Ever wonder how a wine cork is made? Winemaker Paul Steinauer recently traveled to Portugal for a behind-the-scenes look into the cork-making process and the operations of Flora Springs’ cork supplier. Here’s a peek into how corks are made.
First, a cork harvester carefully strips the cork bark from the tree.
Then the cork bark dries out on pallets for several months.
After drying, the cork goes into stainless steel tanks where it is submerged in water to be rinsed, cleaned and re-hydrated.
Then, the tops and bottoms of the outer bark is removed by a stripping machine.
And the bark is cut to the proper width.
After each cork is individually punched out of the bark, it is run through a machine that measures its density, and therefore its ability to contain liquid. If it does not meet a specific density, it is discarded.
Our supplier selects cork lots from only the top-quality manufacturers, and then hauls the lots to their facility to undergo additional quality control. They test for appearance and perform a sensory analysis. The corks are warmed to enhance any odor compounds that may be present. They are looking for Trichloroanisole (TCA), which is better known as cork taint and can damage the wine—as well as any other negative odor compounds. If any negative compounds are detected, the entire lot is returned to the manufacturer.
Random samples from various lots are then placed in these small bottles to undergo a soak test. This test will detect any TCA that may not have been found during smell testing.
Once the lots have passed all quality control requirements, samples from each lot are archived at the supplier’s headquarters. If we ever discover a problem with a number of corks, the supplier can reference the problem corks with samples from the same lot to determine what issues may be present.
A great deal of work goes into the cork-making process, every cork is handled approximately ten times by the time it is approved for use. The “simple” wine cork is an expensive part of the overall wine packaging costs, but necessary to ensure the quality we expect to protect our wines.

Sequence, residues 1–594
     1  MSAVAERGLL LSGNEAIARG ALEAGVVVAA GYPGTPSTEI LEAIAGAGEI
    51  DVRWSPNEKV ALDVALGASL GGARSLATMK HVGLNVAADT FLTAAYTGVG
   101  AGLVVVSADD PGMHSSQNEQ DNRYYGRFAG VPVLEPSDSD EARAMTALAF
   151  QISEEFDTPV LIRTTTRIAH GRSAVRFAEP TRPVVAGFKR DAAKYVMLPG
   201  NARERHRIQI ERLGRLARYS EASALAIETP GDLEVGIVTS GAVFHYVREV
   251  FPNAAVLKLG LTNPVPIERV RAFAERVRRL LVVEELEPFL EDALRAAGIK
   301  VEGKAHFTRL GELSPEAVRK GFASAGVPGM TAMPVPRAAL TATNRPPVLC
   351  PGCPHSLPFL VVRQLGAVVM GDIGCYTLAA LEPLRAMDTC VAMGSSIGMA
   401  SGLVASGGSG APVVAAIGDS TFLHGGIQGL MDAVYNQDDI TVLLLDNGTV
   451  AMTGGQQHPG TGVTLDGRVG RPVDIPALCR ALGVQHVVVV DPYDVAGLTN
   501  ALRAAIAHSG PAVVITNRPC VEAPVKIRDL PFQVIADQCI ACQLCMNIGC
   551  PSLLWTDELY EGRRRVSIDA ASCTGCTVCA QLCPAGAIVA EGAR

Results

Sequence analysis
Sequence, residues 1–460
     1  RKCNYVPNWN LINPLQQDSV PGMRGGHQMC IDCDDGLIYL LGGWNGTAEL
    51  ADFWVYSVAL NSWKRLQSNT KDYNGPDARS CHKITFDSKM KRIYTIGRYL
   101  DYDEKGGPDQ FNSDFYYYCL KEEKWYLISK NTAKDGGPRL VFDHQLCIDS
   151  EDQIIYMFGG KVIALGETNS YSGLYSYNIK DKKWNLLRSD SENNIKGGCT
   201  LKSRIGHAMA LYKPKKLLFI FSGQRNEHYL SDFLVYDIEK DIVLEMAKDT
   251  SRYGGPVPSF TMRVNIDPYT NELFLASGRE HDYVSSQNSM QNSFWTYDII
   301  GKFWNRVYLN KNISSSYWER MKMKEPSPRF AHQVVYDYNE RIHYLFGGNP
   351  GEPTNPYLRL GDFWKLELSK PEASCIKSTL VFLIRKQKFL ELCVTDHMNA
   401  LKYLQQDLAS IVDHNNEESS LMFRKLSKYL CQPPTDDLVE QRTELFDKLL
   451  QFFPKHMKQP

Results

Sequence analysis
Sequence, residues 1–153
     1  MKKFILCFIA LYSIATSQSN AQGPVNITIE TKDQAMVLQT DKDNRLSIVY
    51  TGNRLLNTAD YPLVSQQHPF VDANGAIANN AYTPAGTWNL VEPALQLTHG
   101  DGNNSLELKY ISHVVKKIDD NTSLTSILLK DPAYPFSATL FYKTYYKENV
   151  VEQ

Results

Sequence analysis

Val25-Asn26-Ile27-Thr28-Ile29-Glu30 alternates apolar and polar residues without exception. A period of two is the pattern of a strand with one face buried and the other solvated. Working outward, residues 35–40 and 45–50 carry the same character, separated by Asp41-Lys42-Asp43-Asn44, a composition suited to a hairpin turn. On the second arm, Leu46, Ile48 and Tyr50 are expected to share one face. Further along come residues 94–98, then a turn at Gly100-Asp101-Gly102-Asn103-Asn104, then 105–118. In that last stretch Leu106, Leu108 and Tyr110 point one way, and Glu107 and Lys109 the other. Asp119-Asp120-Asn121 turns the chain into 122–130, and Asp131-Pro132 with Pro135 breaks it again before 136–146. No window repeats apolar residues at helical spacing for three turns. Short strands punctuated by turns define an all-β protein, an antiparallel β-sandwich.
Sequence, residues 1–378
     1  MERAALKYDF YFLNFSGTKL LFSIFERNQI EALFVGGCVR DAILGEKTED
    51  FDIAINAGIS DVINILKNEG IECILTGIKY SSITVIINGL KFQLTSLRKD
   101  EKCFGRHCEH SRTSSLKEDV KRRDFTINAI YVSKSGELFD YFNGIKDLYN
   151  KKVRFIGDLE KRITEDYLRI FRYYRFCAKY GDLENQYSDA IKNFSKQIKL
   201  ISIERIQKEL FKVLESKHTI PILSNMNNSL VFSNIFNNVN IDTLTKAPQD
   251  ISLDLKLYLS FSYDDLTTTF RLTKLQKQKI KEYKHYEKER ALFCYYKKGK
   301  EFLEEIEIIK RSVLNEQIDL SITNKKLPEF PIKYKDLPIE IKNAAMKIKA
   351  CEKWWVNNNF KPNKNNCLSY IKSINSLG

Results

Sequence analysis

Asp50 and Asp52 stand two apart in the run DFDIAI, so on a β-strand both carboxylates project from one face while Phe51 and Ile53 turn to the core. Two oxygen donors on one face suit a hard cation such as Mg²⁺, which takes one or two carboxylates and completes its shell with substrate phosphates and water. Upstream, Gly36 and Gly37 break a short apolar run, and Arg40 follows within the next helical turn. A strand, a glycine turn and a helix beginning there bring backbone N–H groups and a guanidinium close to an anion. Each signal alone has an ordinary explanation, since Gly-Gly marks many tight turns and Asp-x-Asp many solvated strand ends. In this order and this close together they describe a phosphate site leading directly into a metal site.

Five Fun Facts:
Cork trees are oak trees.
Cork bark is harvested from 35 – 200 year old trees.
For most 750mL closures, the bark is harvested every seven years.
Most premium corks are harvested in Portugal; Spain is the only other significant producer.
All of the corks Flora Springs uses are harvested in Portugal.
Now that you have acquired an older wine, often referred to as a library wine, you might be asking, “How do I open this without making a mess of the cork?”—or—“What’s the best way to serve this wine once opened?”
First, the basics—it’s natural that a cork will soften with age. It’s also natural that a wine may develop some sediment as it ages. Well fear not, with the proper tools and technique, you shouldn’t have too much difficulty.
Let’s go through the steps.
1) First, store your bottle in an upright position several days prior to opening, preferably in a cool location. Doing so will allow any suspended sediment to settle at the bottom of the bottle.
2) Next, choose the cork extractor you prefer—here are my recommendations:
Best – The Durand is a two-pronged wine opener—also known as an “Ah-So”—but with a built-in corkscrew. This is not an inexpensive item, but if you open a lot of older wines it could be a nice addition to your cellar.
Good – A standard two-pronged cork puller is also known as an “Ah-So.” Gently insert the longer tip between the glass and the cork, and gently rock back and forth until it is fully inserted in the bottle. Then slowly twist—while pulling up at same time.